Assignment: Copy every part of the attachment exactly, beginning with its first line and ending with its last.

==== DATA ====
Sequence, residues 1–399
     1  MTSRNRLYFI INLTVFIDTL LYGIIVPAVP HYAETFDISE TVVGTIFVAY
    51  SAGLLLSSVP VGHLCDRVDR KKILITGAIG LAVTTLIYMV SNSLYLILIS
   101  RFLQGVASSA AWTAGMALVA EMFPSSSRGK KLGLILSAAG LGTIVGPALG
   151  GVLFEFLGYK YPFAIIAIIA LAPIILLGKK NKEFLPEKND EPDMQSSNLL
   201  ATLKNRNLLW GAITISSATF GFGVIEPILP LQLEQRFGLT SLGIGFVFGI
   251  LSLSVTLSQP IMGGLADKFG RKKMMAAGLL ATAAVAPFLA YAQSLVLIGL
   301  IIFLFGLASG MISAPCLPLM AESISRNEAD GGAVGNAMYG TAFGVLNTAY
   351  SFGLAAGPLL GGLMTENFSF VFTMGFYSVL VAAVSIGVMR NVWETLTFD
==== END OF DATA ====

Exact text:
Sequence, residues 1–399
     1  MTSRNRLYFI INLTVFIDTL LYGIIVPAVP HYAETFDISE TVVGTIFVAY
    51  SAGLLLSSVP VGHLCDRVDR KKILITGAIG LAVTTLIYMV SNSLYLILIS
   101  RFLQGVASSA AWTAGMALVA EMFPSSSRGK KLGLILSAAG LGTIVGPALG
   151  GVLFEFLGYK YPFAIIAIIA LAPIILLGKK NKEFLPEKND EPDMQSSNLL
   201  ATLKNRNLLW GAITISSATF GFGVIEPILP LQLEQRFGLT SLGIGFVFGI
   251  LSLSVTLSQP IMGGLADKFG RKKMMAAGLL ATAAVAPFLA YAQSLVLIGL
   301  IIFLFGLASG MISAPCLPLM AESISRNEAD GGAVGNAMYG TAFGVLNTAY
   351  SFGLAAGPLL GGLMTENFSF VFTMGFYSVL VAAVSIGVMR NVWETLTFD